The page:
How to Build a Patio Foundation
Before you start laying tile or stone for a new patio, you need to build a foundation. With a proper foundation, your patio will last for years. Without one, your patio stones or tiles will shift and crack. There are two types of patio foundations, mortared and mortarless, or dry-laid. A mortarless patio foundation uses compacted sand and gravel as a base rather than concrete. The advantage of this type of foundation is that it does not require a drainage system. If constructed properly, a mortarless foundation can be just as strong as one that uses mortar.
Measure the dimensions of your patio and mark the corners by pounding garden stakes into the ground with the rubber mallet. String the cotton string between the garden stakes to mark the edges of the patio. You can ensure that your patio is perfectly rectangular by measuring diagonally from one corner to the other across your patio site. Each diagonal should measure identically if your rectangular patio is laid out correctly.
Cut the sod by inserting the flat garden spade into the ground down to the depth of your foundation. Remove the sod down to this depth using your shovel.
Soak the foundation of this trench with a garden hose and tamp the ground flat with a tamping tool.
- Measure the dimensions of your patio and mark the corners by pounding garden stakes into the ground with the rubber mallet.
Evaluate that the ground is flat by, placing the plywood sheet on the ground and measure with a carpenter's level.
Cover the ground of your patio trench with landscape sheeting to form a weed barrier.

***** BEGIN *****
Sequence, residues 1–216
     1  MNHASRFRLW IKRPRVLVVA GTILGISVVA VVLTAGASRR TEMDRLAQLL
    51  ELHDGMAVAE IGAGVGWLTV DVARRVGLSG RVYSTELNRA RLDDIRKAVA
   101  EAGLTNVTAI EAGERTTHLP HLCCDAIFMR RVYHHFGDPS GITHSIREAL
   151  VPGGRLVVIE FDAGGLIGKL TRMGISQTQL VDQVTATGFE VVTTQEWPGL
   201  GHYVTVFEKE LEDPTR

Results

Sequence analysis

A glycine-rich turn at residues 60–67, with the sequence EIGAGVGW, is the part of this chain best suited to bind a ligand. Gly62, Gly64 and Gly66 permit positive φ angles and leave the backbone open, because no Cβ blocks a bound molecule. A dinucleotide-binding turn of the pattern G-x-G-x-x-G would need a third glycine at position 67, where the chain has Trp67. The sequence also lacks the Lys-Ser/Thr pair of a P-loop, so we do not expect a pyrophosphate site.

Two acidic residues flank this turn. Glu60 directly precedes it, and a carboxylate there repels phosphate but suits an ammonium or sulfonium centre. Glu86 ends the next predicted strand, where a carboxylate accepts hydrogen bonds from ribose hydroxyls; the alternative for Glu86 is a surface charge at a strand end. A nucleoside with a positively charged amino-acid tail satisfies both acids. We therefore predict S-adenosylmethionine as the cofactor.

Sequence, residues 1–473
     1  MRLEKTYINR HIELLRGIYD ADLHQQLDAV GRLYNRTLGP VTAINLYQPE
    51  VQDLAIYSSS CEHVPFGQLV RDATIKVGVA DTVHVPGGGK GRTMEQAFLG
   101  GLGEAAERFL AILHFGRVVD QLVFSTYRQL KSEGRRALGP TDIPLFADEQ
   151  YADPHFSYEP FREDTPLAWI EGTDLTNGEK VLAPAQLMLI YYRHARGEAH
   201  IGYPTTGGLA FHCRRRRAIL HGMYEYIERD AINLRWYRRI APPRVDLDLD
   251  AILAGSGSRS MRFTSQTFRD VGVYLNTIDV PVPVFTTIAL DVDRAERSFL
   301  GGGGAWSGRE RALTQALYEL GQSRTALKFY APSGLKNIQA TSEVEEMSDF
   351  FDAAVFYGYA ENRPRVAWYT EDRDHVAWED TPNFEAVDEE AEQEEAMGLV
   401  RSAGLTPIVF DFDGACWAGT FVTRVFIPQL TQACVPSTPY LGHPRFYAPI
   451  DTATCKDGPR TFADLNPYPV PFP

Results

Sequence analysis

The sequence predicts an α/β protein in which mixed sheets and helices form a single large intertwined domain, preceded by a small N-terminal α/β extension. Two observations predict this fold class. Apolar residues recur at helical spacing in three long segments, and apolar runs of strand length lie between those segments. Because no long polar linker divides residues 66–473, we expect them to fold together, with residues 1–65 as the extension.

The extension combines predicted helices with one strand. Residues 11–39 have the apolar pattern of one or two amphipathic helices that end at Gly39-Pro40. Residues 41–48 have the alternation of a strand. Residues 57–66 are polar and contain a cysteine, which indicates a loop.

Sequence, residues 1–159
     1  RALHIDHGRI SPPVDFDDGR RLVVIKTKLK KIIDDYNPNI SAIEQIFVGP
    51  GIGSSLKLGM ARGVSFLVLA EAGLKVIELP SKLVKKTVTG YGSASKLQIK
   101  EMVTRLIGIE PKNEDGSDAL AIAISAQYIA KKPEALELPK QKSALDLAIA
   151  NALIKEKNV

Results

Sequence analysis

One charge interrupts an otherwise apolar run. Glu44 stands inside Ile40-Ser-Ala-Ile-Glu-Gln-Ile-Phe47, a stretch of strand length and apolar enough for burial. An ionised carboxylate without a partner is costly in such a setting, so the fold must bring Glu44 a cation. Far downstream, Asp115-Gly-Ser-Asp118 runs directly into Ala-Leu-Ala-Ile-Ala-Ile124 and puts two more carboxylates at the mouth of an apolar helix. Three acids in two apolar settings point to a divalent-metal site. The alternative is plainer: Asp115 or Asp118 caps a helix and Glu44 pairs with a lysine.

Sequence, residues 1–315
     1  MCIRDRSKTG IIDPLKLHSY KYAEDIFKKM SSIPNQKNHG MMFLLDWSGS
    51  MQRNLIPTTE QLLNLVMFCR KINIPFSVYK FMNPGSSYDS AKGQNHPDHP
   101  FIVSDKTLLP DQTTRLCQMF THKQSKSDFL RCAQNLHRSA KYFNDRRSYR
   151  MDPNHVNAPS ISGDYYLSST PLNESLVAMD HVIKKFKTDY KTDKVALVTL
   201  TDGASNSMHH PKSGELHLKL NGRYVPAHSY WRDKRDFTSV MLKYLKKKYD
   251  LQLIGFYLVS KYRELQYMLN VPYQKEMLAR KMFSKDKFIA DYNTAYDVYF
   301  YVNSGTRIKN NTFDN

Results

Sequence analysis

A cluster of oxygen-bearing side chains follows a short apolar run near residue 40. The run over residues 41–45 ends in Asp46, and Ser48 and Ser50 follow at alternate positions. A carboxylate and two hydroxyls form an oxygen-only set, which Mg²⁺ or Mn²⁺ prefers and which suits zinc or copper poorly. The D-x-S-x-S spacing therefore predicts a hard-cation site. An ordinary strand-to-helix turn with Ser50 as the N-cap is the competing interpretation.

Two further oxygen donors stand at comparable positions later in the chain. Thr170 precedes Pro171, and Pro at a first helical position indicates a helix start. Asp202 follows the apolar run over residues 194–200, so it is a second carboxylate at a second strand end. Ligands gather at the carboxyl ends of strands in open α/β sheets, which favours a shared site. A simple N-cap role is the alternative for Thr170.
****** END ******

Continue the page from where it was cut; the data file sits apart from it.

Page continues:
Creating the Foundation Base
Pour gravel onto the landscape fabric to create your sub-base. Ensure that the gravel has rough edges, so that it will compact better for a stronger foundation for your patio base.
Compact the gravel to a depth of 4" using the gravel compactor. This will make a strong foundation that will not shift or crack.
Pour play sand over the top of your gravel. Using the rake, smooth the sand over your foundation surface. If your patio touches the foundation of your house, the sand should gradually slope away to ensure that water does not run onto your foundation.
- Evaluate that the ground is flat by, placing the plywood sheet on the ground and measure with a carpenter's level.
- Cover the ground of your patio trench with landscape sheeting to form a weed barrier.
Compact the sand base to a depth of two to three inches.
Install the border around the edges of the patio by pounding it into the ground. This will block runner grasses from working their way under your patio, and give your patio a finished look once the paving materials are installed. Your foundation is now ready for the patio's surface to be laid on it.
Tracy Morris has been a freelance writer since 2000. She has published novels and numerous online articles. Her work has appeared in national magazines and newspapers including "Ferrets," "CatFancy," "Lexington Herald Leader" and "The Tulsa World." She holds a Bachelor of Arts in journalism from the University of Arkansas.